One afternoon in Baghdad in the final months of 2007, a few members of a U.S. special operations task force were monitoring the feed from a Predator drone over the Iraqi capital, scanning for signs of trouble, when they spotted a large crowd gathering in the neighborhood of Sadr City.
From their large, air-conditioned tent near Baghdad International Airport, the operators sprang into action. They belonged to Task Force 17, which focused on combating the Iranian-supported Shiite militias that were killing thousands of Iraqis and hundreds of U.S. forces. Sadr City was the dense, teeming home to 3 million mostly poor Shiites. Whatever — or whoever — was bringing crowds into the streets there demanded Task Force 17’s attention.
Maj. Gen. Qassem Soleimani in 2005. (Photo: Sipa/Shutterstock)
Using an encrypted chat platform, an operator quickly texted a simple message to the drone pilot from the U.S. Air Force’s 3rd Special Operations Squadron, who was almost 7,500 miles away at Nellis Air Force Base in Las Vegas: Hold the drone above Sadr City. The personnel of Task Force 17, which operated under Joint Special Operations Command, watched as crowds filled the neighborhood’s thoroughfares. It soon became clear that an important visitor was receiving a hero’s welcome. “It was like someone was welcoming Obama to the streets of Sadr City,” said a former U.S. intelligence officer. “It was electric.”
But the drone’s feed was too grainy for the Americans to identify the VIP. In the tent, Navy personnel assigned to the National Security Agency went to work, intercepting real-time communications from Sadr City to find out more about the rally — and the man at its center. They quickly learned the mysterious visitor’s identity: Gen. Qassem Soleimani.
As leader of the Quds Force, the covert action wing of Iran’s Islamic Revolutionary Guard Corps, Soleimani was the patron of many of the Shiite militias then waging a vicious campaign against U.S. troops in Iraq. The Quds Force was providing its Shiite militia proxies with explosively formed penetrators (EFPs), a deadly type of roadside bomb that could pierce armored vehicles and would eventually claim the lives of more than 600 U.S. troops. But the EFPs weren’t the only reason that Soleimani was on Task Force 17’s radar. He was also actively supporting the Shiite militias in their bloody sectarian campaign against Iraq’s Sunni minority, and earlier that year, his operatives had helped plan a sophisticated and brazen Shiite militia attack on a joint U.S.-Iraqi military facility in Karbala that left five U.S. soldiers dead.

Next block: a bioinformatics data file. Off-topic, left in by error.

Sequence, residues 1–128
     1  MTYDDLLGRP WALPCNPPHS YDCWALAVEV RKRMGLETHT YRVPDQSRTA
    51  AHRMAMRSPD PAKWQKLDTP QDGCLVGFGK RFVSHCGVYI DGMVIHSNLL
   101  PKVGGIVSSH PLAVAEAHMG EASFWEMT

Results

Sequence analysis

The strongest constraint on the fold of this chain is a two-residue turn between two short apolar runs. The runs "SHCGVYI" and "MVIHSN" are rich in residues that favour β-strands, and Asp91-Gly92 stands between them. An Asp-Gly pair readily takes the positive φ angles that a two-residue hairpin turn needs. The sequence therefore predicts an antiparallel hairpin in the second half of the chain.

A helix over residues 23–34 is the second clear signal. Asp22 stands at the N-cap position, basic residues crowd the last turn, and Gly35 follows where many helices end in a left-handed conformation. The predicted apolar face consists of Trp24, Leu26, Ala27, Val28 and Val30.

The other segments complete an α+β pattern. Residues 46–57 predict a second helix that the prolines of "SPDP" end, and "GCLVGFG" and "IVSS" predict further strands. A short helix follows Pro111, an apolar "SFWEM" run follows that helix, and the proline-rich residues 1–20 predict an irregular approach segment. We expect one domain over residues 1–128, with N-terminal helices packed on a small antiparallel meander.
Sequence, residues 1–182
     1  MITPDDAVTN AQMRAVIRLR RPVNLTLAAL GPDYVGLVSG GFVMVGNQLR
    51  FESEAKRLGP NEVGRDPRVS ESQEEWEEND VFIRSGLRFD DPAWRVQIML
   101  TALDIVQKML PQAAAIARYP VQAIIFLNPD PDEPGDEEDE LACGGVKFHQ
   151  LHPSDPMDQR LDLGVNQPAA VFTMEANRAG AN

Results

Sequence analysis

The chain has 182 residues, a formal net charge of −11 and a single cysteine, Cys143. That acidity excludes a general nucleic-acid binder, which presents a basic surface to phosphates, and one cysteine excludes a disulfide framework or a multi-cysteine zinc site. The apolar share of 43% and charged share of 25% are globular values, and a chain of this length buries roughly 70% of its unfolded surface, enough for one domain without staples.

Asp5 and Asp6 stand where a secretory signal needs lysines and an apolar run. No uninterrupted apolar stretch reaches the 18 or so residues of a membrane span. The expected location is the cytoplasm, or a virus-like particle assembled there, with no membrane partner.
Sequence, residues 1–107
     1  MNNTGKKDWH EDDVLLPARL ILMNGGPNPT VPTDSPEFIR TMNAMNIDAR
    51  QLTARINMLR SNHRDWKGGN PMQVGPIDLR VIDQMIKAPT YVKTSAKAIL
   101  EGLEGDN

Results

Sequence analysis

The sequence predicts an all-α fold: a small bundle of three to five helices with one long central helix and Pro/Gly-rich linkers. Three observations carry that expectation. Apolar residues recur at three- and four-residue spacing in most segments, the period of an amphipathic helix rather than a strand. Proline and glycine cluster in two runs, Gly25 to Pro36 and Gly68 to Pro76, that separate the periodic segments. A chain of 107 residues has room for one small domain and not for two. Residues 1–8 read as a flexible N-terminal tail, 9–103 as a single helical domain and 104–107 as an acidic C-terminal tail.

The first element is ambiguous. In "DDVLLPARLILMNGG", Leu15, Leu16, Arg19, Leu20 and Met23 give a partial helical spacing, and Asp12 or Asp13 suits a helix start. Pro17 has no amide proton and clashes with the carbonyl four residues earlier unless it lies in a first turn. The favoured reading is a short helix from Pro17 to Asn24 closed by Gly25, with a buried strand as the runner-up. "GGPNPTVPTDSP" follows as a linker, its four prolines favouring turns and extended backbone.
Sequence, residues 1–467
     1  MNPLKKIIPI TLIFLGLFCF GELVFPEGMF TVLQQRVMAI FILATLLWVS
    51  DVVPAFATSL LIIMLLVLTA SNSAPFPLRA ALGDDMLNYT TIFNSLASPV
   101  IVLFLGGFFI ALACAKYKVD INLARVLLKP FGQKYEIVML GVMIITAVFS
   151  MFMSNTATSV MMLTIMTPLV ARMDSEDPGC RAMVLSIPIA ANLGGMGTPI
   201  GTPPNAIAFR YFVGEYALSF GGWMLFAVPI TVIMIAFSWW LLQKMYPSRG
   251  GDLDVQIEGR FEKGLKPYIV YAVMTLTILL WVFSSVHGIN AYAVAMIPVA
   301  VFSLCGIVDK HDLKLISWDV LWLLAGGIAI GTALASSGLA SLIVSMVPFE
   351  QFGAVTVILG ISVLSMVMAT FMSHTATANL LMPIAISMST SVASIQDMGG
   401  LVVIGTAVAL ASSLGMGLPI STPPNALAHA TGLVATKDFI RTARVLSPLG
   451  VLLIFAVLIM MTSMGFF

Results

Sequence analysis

Iraqi Shiites from the Badr forces militia protest against the military intervention in Yemen, in Baghdad, Iraq in 2015. (Photo: Karim Kadim/AP)
Now Soleimani was in the Predator’s sights. “We said, ‘holy s***, it’s Soleimani, pressing flesh with a bunch of people,’” said the former U.S. intelligence officer. The drone tracking Soleimani was armed with missiles, and the U.S. military could have killed the Iranian commander — and probably many others — instantly. Within the tent, “there was a discussion, of course, of whether we should do something,” said the former intelligence officer. But, even if Soleimani had been alone, the task force members present knew that the Quds Force commander was “untouchable,” said the former intelligence officer. As they watched, Soleimani parted the crowd, stepped into a building and was gone.
More than four and a half years into the U.S. occupation of Iraq — and Iran’s parallel effort to sabotage that occupation — Soleimani had also come to realize he was untouchable. He had not always believed that to be so.
In the first years of the occupation, Soleimani had moved back and forth between Iran and Iraq “constantly,” but had always taken the precautions to be expected from a seasoned intelligence officer, said John Maguire, a former senior CIA official stationed in Baghdad in the mid-2000s. Soleimani disguised his rank and identity, used only ground transportation and avoided speaking on the phone or the radio, preferring to give orders to proxies and subordinates in Iraq in person, according to Maguire. “They knew we listened to everybody,” he said.
Soleimani grew bolder. During the last years of the President George W. Bush administration, U.S. officials discovered that, with the help of Iraqi contacts, he had successfully snuck into the Green Zone — the highly fortified section of Baghdad that included the U.S. Embassy — several times. “This was a bit of an embarrassment to some in the Bush administration, and there were several officials who wanted to detain him next time this happened,” recalled a former CIA official.